Bombs and ambushes as Marines inch into Taliban bastion

Note the apparent effect of widespread discussion of current ROE:

Bombs and ambushes as Marines inch into Taliban bastion

By Jason Gutierrez (AFP) – 23 hours ago

SOUTHEAST OF MARJAH, Afghanistan — The crisp crackling of AK-47s breaks the morning silence as US Marines inch towards the outskirts of a Taliban stronghold in Afghanistan's southern province of Helmand.

Within minutes, three squads of the Marines' 1st Battalion, 6th Regiment's Alpha company are pinned down in an open, dried-out poppy field by gunfire from unseen Taliban militants hiding in mud houses metres away.

"Stay down, stay down. Get me an eye on these guys," Staff Sergeant Stephen Vallejo barks as he directs his men into an embankment facing the gunfire.

At least two suspected Taliban militants are sighted, one of them lighting up a haystack as a signal for reinforcement. More gunfire ensues, the smell of gunpowder wafts in the cold air, and then silence.

In the distance, women and children are in the firing line of the Marines -- either forced by the Taliban to stay there as human shields or they are unperturbed by the fighting.

"We can't engage them because there are civilians in the direct path," Vallejo says, calling in the unit's position to base and asking for exact coordinates to pin down the enemy fire.

His men positioned in the embankment let off a volley of machine gunfire, sending fragments of the mud house flying into the air. Nearby, an elderly man herds his family away to safety.

Young Marines in their early 20s are visibly shaken.

Soldiers from Afghanistan's army, who are being trained by the Marines to take over once they begin gradually pulling out in 18 months, provide seemingly chaotic support to those up front.

One interpreter props himself down on the earth and begins to pray during a lull in the fighting.

The Marines are on one of the patrol missions to inch closer to Marjah in Helmand province, which produces the bulk of the world's opium poppies, the main ingredient in the production of heroin.

Marjah is described as one of the last bastions of the Taliban in southern Afghanistan, and dislodging them from this area is part of the US government's overall strategy to push them away from population centres.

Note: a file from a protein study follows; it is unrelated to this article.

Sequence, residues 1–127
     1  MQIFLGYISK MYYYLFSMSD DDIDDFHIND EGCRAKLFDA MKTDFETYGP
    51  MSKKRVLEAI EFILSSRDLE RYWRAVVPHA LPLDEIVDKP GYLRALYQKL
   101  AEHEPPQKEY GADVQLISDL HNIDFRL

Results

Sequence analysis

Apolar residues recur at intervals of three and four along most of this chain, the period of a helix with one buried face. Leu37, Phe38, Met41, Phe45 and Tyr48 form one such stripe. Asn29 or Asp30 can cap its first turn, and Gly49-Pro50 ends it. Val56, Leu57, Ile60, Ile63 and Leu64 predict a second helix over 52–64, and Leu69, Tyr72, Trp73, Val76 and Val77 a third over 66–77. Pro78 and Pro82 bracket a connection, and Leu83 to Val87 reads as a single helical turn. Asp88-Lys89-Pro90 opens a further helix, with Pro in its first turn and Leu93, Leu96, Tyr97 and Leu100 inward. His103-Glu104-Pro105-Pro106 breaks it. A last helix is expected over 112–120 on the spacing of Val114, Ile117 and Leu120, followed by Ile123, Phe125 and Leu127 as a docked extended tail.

Some 10,000 Marines have already poured into the region, and an all-out push into Marjah is on the drawing board. Related article: Taliban part of 'political fabric' of Afghanistan

The Taliban could either fight to the death or abandon the town, but pushing them out without bloodshed is preferred.

"The best battles are won are without a fight," says one lieutenant.

The initial push into Marjah, however, has met resistance. Taliban fighters hidden in farming communities take potshots at advancing Marines.

Heavy sporadic fighting over the past few days has left at least three Taliban fighters dead. Forces also arrested an elderly man whose shed yielded over 500 kilograms (1,200 pounds) of processed ammonium nitrate and other materials used in making bombs.

One US sergeant was killed during an earlier patrol after stepping on an improvised explosive device (IED) planted in an open field.

"Watch out for disturbed earth, these are clever fighters, they plant IEDs where they know we may be going," Vallejo says.

"What really angers me is that we are prevented from making further contact. They are either using the women and children as human shields or they (the women and children) just don't care about the fighting," he said.

"Most likely, it's the former. They know our rules of engagement," he said.

The radio crackles into life some 20 minutes later. It's the forward operating base calling them to pull back. For now, the operation ends.

"But we'll be back to get these guys," Vallejo vows. Moving away, a rifle grenade explodes into the Taliban position, sending a plume of smoke into the air as artillery fire is heard in the distance.

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